Do you wonder why parents of primary school children are eager to brag about their children’s academic performances (“My son got A’s in Math, Language Arts, and Science”) while parents of middle and high school kids prefer to be silent about their children’s performances at school? Why does the eagerness with which parents share their children’s successes at school dwindle as they get older and move into middle and high school? A variety of answers are possible, but the major cause for this has to do with how intelligence, learning, and motivation are viewed.
We start off life full of curiosity. We wonder why, ask a variety of questions, and engage in purposeful investigation of the world around us to know more about everything. Somehow as children, we believed that there was no limit to how much we could learn and absorb. However, as we got older, adults introduce us to the concept of smart vs. stupid. Suddenly, we are required to conform to the popular belief that people can be categorized as intelligent, average, and dumb, and that they remain the same throughout life. Sadly, this paradigm influences how schools and the systems therein operate, even today.
Once labeled, people tend to think, feel, and behave in accordance to the expectations imposed on them (self-fulfilling prophecy in action). Hence, by the time children get into middle and high school, they are convinced that their intelligence is set – and it is impossible to change. This is why many children who possess excellent academic record during primary school fail to achieve the same type of excellence by the time they get into middle and high school. Their mindset (belief about intelligent) become their greatest enemy and they find themselves trapped in unhealthy thoughts about themselves and how their brains work.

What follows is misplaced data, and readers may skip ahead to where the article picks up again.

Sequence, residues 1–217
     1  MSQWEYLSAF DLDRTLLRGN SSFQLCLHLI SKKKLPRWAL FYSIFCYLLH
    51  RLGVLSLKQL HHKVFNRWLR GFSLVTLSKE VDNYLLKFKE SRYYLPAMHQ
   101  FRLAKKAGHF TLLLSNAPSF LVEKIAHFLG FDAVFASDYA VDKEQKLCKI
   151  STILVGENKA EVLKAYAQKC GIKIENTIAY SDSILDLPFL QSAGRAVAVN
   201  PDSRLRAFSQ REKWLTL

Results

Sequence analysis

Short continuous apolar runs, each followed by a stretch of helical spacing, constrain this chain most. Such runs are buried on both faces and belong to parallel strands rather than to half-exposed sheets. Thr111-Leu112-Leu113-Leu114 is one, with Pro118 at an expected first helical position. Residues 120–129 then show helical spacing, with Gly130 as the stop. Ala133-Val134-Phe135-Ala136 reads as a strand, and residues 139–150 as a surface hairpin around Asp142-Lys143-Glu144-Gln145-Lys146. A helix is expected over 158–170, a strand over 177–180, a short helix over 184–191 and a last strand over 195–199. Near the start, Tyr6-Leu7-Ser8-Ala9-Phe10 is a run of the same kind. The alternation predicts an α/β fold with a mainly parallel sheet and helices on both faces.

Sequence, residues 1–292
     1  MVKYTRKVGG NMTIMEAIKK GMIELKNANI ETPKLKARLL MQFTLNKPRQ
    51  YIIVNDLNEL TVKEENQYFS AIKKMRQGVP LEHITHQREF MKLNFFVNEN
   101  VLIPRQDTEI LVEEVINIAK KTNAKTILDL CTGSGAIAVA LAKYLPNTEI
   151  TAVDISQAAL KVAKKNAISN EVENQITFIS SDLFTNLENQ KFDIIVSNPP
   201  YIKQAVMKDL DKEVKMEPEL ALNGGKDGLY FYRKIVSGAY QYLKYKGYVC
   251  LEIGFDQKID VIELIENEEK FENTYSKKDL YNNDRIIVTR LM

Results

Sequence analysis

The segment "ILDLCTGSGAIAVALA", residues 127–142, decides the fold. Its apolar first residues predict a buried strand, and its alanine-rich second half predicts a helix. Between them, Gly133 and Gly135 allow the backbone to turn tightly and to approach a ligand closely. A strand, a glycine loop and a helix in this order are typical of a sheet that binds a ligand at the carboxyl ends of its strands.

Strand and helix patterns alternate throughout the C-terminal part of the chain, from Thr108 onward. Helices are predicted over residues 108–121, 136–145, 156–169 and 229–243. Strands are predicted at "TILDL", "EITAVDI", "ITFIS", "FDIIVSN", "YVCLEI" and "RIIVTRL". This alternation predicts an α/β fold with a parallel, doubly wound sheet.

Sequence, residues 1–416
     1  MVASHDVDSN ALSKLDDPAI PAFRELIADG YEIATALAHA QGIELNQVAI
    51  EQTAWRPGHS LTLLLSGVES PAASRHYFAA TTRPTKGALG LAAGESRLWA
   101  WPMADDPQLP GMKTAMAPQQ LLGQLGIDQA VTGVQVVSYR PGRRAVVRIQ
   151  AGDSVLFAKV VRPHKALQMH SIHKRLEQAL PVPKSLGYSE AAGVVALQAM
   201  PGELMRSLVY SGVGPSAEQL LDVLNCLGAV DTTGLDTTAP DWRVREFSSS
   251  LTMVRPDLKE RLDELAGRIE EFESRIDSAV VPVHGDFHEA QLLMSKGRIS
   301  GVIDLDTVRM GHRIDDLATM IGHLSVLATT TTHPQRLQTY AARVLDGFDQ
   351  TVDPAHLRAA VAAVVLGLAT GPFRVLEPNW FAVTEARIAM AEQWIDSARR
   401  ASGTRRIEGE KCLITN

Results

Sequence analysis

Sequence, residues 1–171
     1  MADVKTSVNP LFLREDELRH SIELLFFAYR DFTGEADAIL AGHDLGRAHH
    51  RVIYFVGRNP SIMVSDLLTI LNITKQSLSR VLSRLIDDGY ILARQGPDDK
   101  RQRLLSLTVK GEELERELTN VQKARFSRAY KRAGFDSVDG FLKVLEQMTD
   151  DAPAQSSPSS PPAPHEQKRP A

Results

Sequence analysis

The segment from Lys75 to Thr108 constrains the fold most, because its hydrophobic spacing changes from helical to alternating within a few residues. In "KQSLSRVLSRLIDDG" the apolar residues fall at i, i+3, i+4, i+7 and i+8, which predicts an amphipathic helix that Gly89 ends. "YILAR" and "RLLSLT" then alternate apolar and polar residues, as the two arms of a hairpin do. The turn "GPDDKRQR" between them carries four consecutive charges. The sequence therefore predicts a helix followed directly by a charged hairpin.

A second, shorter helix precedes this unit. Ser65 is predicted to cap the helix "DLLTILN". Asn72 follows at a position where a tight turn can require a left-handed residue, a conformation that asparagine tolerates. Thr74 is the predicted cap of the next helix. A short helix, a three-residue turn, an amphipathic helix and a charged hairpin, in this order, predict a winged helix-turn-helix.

Fixed vs. growth mindset
Psychology professor at Stanford University, Dr. Carol Dweck and her colleagues have conducted extensive research in understanding how mindset (belief about intelligence and how the brain really works) affects motivation, academic performance, and a host of other factors that contribute toward excellence in school and life.
In one of their experiments, Dr. Dweck and her associates designed an eight-week intervention program that taught some junior high school students study skills and how they could learn to develop their intelligence – describing the brain as a muscle that became stronger the more it was used. A control group also learned study skills but they were not taught Dr. Dweck’s expandable theory of intelligence. In just two months, the students from the first group, compared to the control group, showed marked improvement in grades and study habits.
According to Dr. Dweck, students who were energized by the idea that they could have an impact on their mind and its growth were highly motivated. These students possess the growth mindset (belief that neurons in the brain continue to make new connections – hence learning makes one smart-er regardless of past academic records). Internal motivation to study harder and better is significantly higher in these students compared to their counterparts (those with fixed mindset who believe that intelligence is set and learning doesn’t help change anything).
It was also found that students with growth mindset had a very straightforward (and correct) idea of effort – “the harder you work, the more ability will grow; even geniuses have had to work hard for their accomplishments.” On the other hand, students with the fixed mindset believe that if you work hard, it meant that you didn’t have ability, and that things would just come naturally to you if you did.
Growth mindset motivates both teachers and students to hold a more optimistic attitude toward learning and intelligence. Schools should eradicate the fixed mindset from its operational philosophies and inspire every student to achieve the best he/she could by sincerely examining and working toward fulfilling his/her true potential. This is possible when our belief about intelligence, learning, and motivation changes!